Should football’s governing bodies provide a duty of care?

Having a pop at a professional footballer is akin to shooting fish in a barrel, you’d have more chance of finding someone who thinks Bob Diamond was actually deserving of his £20m bonus from Barclays than you would a person who is sympathetic to a footballers plight. Nevertheless, are footballers offered enough care and support after they’ve hung up their boots?

The big white elephant in the room when this topic rears its head is of course, Paul Gascoigne, a tortured soul if ever there was one. Football was his release, his form of escape, but not a week goes by now without pictures emerging of him in some state or other, or some other ‘wacky’ story about the former England international.

It’s preying on the weak, that’s all it is – here is clearly a man struggling with some well-documented mental health issues, beset by past troubles of alcohol and drug addiction and a known sufferer of depression, yet it seems as if he’s treated as little more than the new Kerry Katona for quick and easy copy. It’s shameful, but do we dislike seeing him in such a state because of the impact it has on us, or is it really out of genuine concern?

Nobody wants to see a childhood hero in such a state. Reports of Gascoigne getting his life back on track have been doing the rounds for as long as I can remember, so something is clearly amiss. Is it simply that the support structure isn’t there? Should the PFA be doing more to help?

Once you become a professional footballer, you are of course looked after by the PFA, but they appear to wash their hands of you once you have retired. Technically, it is the ‘Professional Footballers Association’ so with finite resources and an ever-increasing body of members to look after, you can forgive them to an extent for focusing on the needs of the present as opposed to the troubles of the past, but surely some form of halfway house has to be there to make the transition into ‘normal’ every day life less bumpy.

Footballers go from a climate of chumminess, where everything is spoonfed for you, to nothing. The camaraderie is clearly there and by and large it seems a pretty enjoyable job to have for the most part, but they are thrown by the wayside somewhat once they’re no longer of any use to the profession. In no other industry aside from professional sport is a person virtually retired once they reach the age of 40, left on the scrape heap to twiddle their thumbs for another 30 years or so.

Like I said earlier, many will not sympathise with the struggles of a former pro, they’ve had their cake and they’ve eaten it and then some. The mess is of their own making, but struggles aren’t strictly the reserve of retired footballers, with Tony Adams, Paul Merson, Matthew Etherington and Adrian Mutu all suffering from various forms of addition, whether it be gambling, alcohol or drug-related while they were still playing.

Mario Balotelli is often made out to be this zany character, which completely ignores that the majority of stuff written about him isn’t a) true at all or b) actually a complete non-story. The lack of context is startling, it completely ignores the difficult upbringing he had when his parents had to request foster care for him because their living conditions were so poor. But sure, he does crazy stuff sometimes, so let’s all laugh at him.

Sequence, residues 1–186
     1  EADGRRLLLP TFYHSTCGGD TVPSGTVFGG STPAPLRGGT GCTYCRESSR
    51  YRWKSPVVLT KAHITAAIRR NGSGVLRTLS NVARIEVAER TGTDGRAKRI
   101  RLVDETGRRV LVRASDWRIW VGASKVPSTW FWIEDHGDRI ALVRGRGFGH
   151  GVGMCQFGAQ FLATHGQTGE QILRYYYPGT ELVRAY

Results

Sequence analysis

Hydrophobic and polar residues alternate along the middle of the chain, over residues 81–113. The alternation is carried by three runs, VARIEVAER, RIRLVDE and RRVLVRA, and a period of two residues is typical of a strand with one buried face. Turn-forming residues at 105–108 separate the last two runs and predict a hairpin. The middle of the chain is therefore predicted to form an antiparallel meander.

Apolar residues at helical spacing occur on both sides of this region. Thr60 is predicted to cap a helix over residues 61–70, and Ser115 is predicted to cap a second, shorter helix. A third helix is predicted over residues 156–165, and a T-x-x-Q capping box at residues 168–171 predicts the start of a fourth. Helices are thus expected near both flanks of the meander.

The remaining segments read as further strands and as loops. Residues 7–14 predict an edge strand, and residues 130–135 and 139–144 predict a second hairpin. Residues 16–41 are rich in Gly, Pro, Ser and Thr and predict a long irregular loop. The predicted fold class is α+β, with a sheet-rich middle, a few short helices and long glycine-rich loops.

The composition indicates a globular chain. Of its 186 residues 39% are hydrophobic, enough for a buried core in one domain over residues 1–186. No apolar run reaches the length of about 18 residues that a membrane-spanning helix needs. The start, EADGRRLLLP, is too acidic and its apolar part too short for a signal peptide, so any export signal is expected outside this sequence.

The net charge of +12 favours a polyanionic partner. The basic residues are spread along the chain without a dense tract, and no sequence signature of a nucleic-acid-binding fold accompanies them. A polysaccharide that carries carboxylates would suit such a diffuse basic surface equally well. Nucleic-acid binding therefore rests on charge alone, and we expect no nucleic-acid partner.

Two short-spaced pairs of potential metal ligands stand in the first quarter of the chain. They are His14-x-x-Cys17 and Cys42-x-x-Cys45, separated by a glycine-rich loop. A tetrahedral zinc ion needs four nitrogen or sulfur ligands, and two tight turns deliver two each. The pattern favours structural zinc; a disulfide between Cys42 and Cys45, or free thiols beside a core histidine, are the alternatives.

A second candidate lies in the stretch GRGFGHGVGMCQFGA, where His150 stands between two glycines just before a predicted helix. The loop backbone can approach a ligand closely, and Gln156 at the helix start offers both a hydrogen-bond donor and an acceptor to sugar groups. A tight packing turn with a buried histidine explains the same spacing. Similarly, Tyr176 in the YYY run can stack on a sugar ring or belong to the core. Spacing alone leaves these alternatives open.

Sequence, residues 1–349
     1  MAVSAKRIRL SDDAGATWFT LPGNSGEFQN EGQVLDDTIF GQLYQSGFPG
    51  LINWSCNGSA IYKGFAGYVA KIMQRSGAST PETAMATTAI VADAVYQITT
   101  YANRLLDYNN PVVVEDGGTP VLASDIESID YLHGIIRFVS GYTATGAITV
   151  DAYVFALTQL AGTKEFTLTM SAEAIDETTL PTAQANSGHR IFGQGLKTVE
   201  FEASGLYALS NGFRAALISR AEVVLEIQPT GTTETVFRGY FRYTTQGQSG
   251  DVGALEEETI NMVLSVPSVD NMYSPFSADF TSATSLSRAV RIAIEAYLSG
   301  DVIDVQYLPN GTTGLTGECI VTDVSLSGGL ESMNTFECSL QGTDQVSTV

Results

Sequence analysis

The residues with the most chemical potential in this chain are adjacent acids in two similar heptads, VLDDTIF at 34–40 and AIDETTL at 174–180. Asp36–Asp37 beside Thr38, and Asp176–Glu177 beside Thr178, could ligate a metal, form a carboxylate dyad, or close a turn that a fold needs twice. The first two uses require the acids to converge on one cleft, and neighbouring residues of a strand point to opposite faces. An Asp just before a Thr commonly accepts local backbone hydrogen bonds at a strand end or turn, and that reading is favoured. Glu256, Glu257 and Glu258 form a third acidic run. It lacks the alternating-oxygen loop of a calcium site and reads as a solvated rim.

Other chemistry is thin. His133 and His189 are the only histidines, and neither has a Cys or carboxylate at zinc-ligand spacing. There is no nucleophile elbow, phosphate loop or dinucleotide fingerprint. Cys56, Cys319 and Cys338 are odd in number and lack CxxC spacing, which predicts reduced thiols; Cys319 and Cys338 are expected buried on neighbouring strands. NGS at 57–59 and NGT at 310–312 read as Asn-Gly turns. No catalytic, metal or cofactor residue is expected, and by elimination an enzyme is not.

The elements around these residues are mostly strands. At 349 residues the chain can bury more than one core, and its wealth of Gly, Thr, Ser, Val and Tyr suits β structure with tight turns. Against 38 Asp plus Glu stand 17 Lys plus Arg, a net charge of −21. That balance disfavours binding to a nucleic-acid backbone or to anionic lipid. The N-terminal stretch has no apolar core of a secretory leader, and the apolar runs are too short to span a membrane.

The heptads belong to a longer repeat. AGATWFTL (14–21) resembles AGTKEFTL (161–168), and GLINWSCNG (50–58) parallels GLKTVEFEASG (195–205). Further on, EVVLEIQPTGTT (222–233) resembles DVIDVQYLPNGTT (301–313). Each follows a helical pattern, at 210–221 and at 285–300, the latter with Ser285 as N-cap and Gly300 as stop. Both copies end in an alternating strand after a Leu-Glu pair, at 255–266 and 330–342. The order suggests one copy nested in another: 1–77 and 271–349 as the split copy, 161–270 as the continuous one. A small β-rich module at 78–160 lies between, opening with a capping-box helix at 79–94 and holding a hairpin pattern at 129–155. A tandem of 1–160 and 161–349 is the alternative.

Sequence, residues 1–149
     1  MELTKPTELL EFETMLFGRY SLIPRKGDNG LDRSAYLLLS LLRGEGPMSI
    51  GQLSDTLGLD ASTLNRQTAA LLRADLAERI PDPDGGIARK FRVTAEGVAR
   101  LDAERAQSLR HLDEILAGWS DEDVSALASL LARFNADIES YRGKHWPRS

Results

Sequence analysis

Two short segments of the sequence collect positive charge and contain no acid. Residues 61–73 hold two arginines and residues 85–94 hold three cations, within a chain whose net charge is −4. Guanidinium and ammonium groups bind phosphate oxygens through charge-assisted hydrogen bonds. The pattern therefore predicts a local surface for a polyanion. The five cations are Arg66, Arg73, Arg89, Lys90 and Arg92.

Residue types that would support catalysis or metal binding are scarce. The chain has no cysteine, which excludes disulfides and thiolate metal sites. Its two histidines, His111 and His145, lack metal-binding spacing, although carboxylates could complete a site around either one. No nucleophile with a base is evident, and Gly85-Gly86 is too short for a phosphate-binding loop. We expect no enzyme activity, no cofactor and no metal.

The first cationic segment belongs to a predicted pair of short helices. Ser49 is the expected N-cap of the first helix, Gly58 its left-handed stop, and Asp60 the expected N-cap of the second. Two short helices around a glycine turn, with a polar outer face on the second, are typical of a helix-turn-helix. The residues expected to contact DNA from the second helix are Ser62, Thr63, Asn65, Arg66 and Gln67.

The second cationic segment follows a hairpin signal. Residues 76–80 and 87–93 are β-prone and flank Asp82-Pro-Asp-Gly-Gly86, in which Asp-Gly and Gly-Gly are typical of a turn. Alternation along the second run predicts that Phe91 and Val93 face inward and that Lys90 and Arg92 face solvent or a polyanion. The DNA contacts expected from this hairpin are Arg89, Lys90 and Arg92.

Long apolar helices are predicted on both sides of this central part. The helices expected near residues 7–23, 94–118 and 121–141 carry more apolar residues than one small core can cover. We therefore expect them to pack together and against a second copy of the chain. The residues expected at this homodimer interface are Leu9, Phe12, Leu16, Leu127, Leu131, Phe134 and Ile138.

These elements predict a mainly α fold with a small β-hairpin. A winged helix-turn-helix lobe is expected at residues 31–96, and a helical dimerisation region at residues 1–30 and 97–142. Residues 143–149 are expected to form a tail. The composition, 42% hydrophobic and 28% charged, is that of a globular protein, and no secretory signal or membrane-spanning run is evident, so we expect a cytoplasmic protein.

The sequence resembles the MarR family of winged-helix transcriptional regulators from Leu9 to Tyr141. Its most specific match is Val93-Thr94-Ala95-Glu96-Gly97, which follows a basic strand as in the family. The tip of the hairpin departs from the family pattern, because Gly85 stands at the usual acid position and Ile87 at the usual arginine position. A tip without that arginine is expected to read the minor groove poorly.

Former Blackburn centre-half Colin Hendry was declared bankrupt in June 2010, a year after his wife died of an infection caused by cosmetic surgery. The root cause of his gambling addiction is of course intertwined with the difficulty of his home life, since she was first taken ill in 2002. Rumours persisted in late March that Steve Kean was set to offer him a coaching position at the club as he sought to protect himself from the fans’ ire with the return of a club legend, but no such move materialised and he last worked in football in 2008 as manager of Scottish club Clyde, which he had to resign from to take care of his wife. A desperately sad story.

Football does not owe you a living, but it should owe you a duty of care, for a time after you leave the game at least. There are various ways to make a quick buck once you retire, with many (although some of them really shouldn’t be) taking to a media career, while others stay involved in the game through coaching and management. But it’s those that slip through the net and that do none of the above where the problems are likely to arise.

It’s not practical to ‘look after’ and keep monitoring players long after they’ve quit the game, but the sheer amount of stigma’s associated with the sport need looking at. Things like depression and whether a person is gay or not are still hugely taboo subjects and it’s clear that while these players are still playing, that they don’t feel comfortable enough to talk openly about their problems and preferences with either their team-mates or their club and more needs to be done to address this in the future.

Being mentally prepared for the next stage of your life is a bigger cause for concern than most will let on, and without the right support structure around you, it’s simply a recipe for disaster. This isn’t a preachy diatribe aimed at sympathy for those that squander their talent due to ill-advised and poorly thought out decisions, but rather a call to arms for more to be done to help those less adjusted to the rigours of modern life. Football can be a release, but once it lets you go, it can be an awfully lonely place out there all by yourself.

You can follow me on Twitter @JamesMcManus1